Asian dentist sues health secretary over his father’s death
Dr Minesh Talati (R) with his father, Navin Talati, and supporters during a 2017 election campaign. (Courtesy: Twitter)
Eastern Eye Staff
AN NHS dentist has initiated legal action against Health Secretary Matt Hancock and Public Health England over his father’s death due to Covid-19.
Dr Minesh Talati’s father Navin Talati, 80, had died on April 18 at the Royal London Hospital after a 28-day battle for life.
The implant surgeon claimed he unwittingly infected his parents and pregnant wife, Joanne, as he went by “erroneous” PHE advice.
Dr Talati, who had contracted the virus in late February, visited his parents staying in Goodmayes, Essex, in the first week of March as he was unaware that he had Covid-19.
He started showing symptoms only after two days, and tests later confirmed the infection.
At that time, PHE advice had played down warnings of community transmission, alleged Dr Talati.
According to him, the PHE website failed to raise caution even as government’s scientific advisers were aware of coronavirus transmission happening in the country.
Had there been sound warning on transmission, he would not have visited his parents, said Dr Talati.
The basis for his legal action — over death of a loved one due to Covid-19 — was reportedly the first of its kind in the UK.
Dr Talati, who was a Tory candidate from Barking in the 2017 Election, said he was not suing the authorities with any financial motives.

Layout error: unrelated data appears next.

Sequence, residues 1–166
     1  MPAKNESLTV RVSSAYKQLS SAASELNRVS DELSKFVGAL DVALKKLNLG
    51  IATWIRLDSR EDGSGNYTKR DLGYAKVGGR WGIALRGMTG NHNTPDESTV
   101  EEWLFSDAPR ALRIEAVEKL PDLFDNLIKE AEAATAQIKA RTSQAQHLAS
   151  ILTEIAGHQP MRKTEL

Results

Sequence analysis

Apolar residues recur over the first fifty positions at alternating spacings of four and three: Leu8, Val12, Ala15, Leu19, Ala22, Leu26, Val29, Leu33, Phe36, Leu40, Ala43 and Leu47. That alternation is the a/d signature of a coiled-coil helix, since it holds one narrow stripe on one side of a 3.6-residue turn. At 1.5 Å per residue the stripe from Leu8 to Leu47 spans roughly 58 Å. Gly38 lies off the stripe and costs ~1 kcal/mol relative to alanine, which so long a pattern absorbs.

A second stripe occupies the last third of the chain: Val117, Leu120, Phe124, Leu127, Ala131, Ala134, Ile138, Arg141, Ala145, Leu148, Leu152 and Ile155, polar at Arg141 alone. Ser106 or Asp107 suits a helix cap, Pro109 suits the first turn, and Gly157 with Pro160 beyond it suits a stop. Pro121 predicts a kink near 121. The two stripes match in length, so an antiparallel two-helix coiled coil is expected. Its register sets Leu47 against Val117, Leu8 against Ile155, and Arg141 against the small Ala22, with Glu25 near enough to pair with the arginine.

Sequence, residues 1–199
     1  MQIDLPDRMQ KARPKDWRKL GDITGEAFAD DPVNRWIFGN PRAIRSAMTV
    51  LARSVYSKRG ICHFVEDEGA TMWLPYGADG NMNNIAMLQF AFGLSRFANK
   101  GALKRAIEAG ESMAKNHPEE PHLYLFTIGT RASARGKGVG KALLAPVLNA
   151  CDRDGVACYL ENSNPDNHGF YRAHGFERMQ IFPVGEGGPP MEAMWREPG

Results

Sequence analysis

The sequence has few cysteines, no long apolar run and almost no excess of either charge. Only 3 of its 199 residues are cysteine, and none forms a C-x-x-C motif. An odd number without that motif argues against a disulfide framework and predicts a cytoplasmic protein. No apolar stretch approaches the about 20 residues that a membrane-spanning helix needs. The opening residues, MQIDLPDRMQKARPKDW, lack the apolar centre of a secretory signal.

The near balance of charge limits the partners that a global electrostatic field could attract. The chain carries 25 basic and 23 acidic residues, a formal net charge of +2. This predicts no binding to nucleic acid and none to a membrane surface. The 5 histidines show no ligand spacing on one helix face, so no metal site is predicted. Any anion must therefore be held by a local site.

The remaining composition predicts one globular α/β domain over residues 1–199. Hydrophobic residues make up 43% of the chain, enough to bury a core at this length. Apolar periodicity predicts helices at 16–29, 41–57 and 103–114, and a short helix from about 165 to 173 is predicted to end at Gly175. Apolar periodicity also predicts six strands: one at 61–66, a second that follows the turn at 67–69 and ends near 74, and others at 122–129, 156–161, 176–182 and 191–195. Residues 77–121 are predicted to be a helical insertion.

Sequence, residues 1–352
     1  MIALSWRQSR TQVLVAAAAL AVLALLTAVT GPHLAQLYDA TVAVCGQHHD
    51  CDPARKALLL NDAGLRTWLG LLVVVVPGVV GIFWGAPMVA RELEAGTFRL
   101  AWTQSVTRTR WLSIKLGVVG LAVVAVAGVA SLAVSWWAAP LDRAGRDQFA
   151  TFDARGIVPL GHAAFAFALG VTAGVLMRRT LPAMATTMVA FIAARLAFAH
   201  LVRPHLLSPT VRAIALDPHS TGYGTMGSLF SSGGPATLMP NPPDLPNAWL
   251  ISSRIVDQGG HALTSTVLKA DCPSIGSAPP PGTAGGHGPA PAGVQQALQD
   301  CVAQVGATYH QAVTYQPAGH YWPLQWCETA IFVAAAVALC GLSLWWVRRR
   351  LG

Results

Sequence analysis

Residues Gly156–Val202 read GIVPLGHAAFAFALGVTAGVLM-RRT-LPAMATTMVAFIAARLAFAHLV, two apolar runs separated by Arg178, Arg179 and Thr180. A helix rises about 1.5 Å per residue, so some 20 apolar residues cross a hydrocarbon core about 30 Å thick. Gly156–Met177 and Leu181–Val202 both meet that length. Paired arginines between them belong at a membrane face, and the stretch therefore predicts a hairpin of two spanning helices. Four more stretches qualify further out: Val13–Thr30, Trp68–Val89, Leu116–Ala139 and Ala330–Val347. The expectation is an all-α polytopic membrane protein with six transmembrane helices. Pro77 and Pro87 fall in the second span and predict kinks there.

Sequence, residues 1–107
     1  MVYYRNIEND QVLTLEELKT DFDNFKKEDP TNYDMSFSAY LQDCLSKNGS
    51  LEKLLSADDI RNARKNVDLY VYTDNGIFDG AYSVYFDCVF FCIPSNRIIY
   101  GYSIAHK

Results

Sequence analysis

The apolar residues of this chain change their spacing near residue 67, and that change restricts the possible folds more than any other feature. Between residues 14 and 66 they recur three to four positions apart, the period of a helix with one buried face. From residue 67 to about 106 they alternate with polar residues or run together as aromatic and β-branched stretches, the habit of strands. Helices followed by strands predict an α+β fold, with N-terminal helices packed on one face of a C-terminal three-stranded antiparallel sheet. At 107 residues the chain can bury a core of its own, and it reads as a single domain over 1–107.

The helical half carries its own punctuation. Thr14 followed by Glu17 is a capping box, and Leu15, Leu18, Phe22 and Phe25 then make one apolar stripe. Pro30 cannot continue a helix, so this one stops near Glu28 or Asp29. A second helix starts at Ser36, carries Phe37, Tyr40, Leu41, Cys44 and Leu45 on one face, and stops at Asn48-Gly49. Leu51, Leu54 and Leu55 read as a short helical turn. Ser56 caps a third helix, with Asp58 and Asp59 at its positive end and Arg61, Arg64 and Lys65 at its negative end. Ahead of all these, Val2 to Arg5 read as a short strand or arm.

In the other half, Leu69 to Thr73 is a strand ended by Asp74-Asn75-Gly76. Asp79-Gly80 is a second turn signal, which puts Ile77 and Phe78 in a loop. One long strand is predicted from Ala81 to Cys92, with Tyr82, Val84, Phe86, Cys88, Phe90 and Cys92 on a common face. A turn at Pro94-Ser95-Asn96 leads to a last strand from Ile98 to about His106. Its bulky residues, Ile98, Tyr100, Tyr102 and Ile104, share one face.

“I want justice,” he said. “Someone has to take responsibility for ignoring the signs.”
Dr Talati said his father’s death had left him shattered.
“He was not just my father, I’ve lost my best friend, I’ve lost my work colleague,” he said. “The person I went out for a drink with was my father.”
Navin Talati had migrated from India in 1969 and worked as an NHS pharmacist for 45 years. He is said to have helped Dr Talati set up a dental practice in 2009.
Dr Talati added that timely government action could have prevented many deaths.
“Coronavirus is a disaster that we should have been prepared for,” he wrote on the CrowdJustice website. “If the government had acted earlier in their response to Covid-19, thousands of lives would have been saved.”
He accused the the government of “misleading the nation”, and failing ensure that “citizens had been informed of the true extent of this outbreak”.
He pinned the blame on Hancock for allegedly not doing what “could be reasonably expected of him to avoid a real and immediate risk to life from Covid-19”.
“I am intending to hold the secretary of state for health and social care to account in the courts and take legal action,” he said.
“This is on the basis that the secretary of state and the executive agency PHE has failed to comply with their duties under article 2 of the Human Rights Act.”
Dr Talati also alleged that the “continued use of airports and the suspension of mass testing in early March” had contributed to the rampant spread of the virus.
He said the legal action was being launched “on behalf of all those who have suffered and lost loved ones” due to the “failures of the government to restrict the spread of coronavirus”.
“I believe that together we can hold the government to account,” said Dr Talati.
Social commentators noted that this suit could spark off a trend of similar legal action against the government.
The Department of Health said: “We cannot comment on ongoing or potential action against the department.”